12. US department of State, Trafficking in Persons Report (Washington D.C., 2003).  European Commission, Preventing and Combating Trafficking in Women:  A Comprehensive European Strategy (Brussels, 2001).

  13. United Nations, UN Resources for Speakers on Global Issues, (accessed 8-2-16).

  14. Ibid.

  15. Isaiah 22:4.



  18. Id.

  19. James Madison Program, A Public Conversation on the State of International Religious Freedom (March 30, 2016),  

  20. Amartya Sen, Development as Freedom, 3, (1999).

  21. See Brian Grim & Roger Finke, The Price of Freedom Denied, pp. 22, 61-62.

  22. Brian Grim, Religious Freedom: Good For What Ails Us?, The Review of Faith and International Affairs pp. - 3-4.

  23. See Brian Grim, Religious Freedom: Good For What Ails Us?, The Review of Faith and International Affairs pp. - 3-4.

  24. Brian Grim & Roger Finke, The Price of Freedom Denied, pp. 210-212; See Brian Grim, Religious Freedom: Good For What Ails Us?, The Review of Faith and International Affairs, 2.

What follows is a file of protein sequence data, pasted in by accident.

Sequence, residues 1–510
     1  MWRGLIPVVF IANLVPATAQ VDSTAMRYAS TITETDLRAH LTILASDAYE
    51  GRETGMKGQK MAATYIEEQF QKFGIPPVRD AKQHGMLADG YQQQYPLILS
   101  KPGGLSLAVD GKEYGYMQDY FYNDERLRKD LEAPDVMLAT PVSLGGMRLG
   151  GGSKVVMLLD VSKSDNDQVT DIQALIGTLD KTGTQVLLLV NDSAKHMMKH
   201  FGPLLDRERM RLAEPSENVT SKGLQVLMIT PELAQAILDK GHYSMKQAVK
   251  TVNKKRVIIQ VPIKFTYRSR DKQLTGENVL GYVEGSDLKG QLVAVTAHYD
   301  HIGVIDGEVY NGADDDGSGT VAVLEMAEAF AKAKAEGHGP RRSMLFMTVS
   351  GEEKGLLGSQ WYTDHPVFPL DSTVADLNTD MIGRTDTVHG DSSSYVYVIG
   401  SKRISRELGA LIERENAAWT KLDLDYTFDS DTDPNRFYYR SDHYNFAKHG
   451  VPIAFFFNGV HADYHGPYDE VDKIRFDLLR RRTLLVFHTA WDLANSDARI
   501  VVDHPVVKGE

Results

25.  John Adams, “To the Officers of the First Brigade of the Third Division of the Militia of Massachusetts,” Oct. 11, 1798.

  26. David Hollenbach, “Religion and Forced Migration” in The Oxford Handbook of Refugee and Forced Migration Studies, edited by Elena Fiddian-Qasmiyeh, Gil Loescher, Katy Long, and Nando Sigona, Oxford Handbooks Online ( ) accessed 24 July 2016.

  27. Chozick, Amy, Hillary Clinton’s Beijing Speech on Women Resonates 20 Years Later, NY Times (Sept. 5, 2013), (last visited August 17, 2016). 

  28. House of Lords Select Committee on Sexual Violence in Conflict, Sexual Violence in Conflict: A War Crime, HL Paper 123, ¶ 4.187 (Apr. 12, 2016), (last visited August 25, 2016). 

  29. Address by President Nelson Mandela at National Men's March, Pretoria 22 November 1997,